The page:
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The 1998 Programming Competition

As part of our celebration of 50 years of computing, we held a competition to find the most imaginative program for the Baby machine. 128 entries were received from 19 countries. Entries were judged by our panel of experts, chaired by Tom Kilburn.

Congratulations to the winner, Yasuaki Watanabe from Japan. He came to Manchester, and ran his noodle-timer program on the replica Baby on Sunday June 21st, after the running of the original First Program.

Congratulations also to the four runners-up (listed here in entry-number order: the judges did not order them): Frank Hurley (USA), Bas Wijnen (Holland), John Deane (Australia), Magnus Olsson (Sweden), and to Brendan Campbell for best entry by a UK school student. The prizewinning entries are here.

The competition was generously sponsored by Sebastian de Ferranti, whose company in Manchester produced the commercial version of the Mark 1. This sponsorship allowed us to give prizes of computing equipment to the winner and runners-up. Thanks also to the British Council in Tokyo, who helped to arrange Mr. Watanabe's trip, and paid his air fare.

All entrants will receive a certificate, signed by Tom Kilburn, stating that they successfully programmed the world's first stored program computer.

A CD-ROM is available, describing the history of computing at Manchester, including video interviews with the pioneers, and also the the winning program.

Although it is too late to enter the competition, you can still have a go at programming the world's first stored program computer. Documentation includes an introduction to programming the machine, or you can dive straight into the Programmer's Reference manual (in Word format or HTML). Programming is done via a simulator. This runs on DOS or Windows 3.1/95/NT. There are also alternative simulators for other platforms.

A Personal Postcript

There were, of course, many other ideas apart from those of the prizewinners: programs to compute square roots, fibonnaci sequences, trig functions and encryption algorithms. A program which clears the store totally, another which simulates bellringing. A tamagochi program, a cipher machine simulator, and so on.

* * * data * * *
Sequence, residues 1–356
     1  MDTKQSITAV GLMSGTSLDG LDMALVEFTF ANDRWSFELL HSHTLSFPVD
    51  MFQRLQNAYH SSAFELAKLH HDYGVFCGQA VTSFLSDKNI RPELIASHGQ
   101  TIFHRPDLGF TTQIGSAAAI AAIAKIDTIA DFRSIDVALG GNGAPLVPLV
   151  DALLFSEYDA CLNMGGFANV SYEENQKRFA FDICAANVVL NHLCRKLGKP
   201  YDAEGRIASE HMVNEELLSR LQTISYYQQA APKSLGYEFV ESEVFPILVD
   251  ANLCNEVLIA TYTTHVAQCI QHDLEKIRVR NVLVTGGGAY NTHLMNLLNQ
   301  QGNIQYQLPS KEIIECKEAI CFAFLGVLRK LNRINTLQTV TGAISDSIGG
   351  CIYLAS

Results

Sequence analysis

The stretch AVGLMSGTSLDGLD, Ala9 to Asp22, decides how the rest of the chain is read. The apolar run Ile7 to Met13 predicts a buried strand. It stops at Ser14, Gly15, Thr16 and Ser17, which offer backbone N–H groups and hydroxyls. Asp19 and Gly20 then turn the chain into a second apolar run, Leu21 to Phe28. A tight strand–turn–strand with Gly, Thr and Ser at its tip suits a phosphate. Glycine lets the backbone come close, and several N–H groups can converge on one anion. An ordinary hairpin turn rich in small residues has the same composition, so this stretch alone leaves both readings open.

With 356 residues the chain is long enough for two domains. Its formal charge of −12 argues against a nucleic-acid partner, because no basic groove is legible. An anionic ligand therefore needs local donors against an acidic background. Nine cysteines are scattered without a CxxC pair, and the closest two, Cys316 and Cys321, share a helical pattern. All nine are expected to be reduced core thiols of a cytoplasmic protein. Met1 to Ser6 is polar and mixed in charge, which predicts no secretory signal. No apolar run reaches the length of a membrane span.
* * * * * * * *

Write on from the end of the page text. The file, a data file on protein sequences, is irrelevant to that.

It's truly remarkable what can be done in 128 inefficiently-organised bytes. What's required is the imagination to see what's possible. For instance, the idea of drawing a graph of a function in the unused bits is "obvious" in retrospect, but only one person thought of it. It's not even too difficult to figure out how the noodle timer works after you've seen it, but only one person thought to use the machine in that way.

In my view, "stored-program computer" (i.e. "computer-with-software") is a tautology, given the modern usage of the word "computer". It's difficult to imagine running a competition like this for any of the "computers" which existed before the Baby. And we've seen that the store was (just) big enough to make interesting programs possible. So if anybody else claims to have The World's First Computer, ask them for details of their programming competition.

John Sargeant (ex- competition coordinator) -- 1998.

The 1998 competition was co-ordinated by John Sargeant, who produced a set of pages at, which used to be referred to by these Computer 50 pages. As the prog98 pages are no longer maintained, I have now incorporated all the previously visible content into the Computer 50 pages, to avoid the risk of the prog98 pages disappearing in their original form. In doing so I have simplified the presentation (but not the content), and made it consistent with the rest of the Computer 50 pages. I have also included, for completeness, by kind permission, some documents produced by Chris Burton in connection with the SSEM Rebuild Project, which were either included or referred to in the original competition pages. .... Brian Napper -- March 2005.